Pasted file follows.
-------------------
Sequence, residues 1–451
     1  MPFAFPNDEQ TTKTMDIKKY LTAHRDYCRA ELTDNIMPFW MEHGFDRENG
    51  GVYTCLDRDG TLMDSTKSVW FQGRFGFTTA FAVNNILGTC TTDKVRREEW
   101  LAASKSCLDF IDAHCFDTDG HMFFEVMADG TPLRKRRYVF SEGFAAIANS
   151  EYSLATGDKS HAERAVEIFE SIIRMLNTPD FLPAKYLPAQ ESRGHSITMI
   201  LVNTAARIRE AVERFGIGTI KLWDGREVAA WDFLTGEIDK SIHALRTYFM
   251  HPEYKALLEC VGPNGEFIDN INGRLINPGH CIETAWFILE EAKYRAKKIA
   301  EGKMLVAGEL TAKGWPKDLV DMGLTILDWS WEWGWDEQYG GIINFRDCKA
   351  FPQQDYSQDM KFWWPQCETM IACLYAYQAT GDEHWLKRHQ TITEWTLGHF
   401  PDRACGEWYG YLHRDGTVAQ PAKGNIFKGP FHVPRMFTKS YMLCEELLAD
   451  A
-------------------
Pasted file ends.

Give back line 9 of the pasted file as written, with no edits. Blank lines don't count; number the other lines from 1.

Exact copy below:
   351  FPQQDYSQDM KFWWPQCETM IACLYAYQAT GDEHWLKRHQ TITEWTLGHF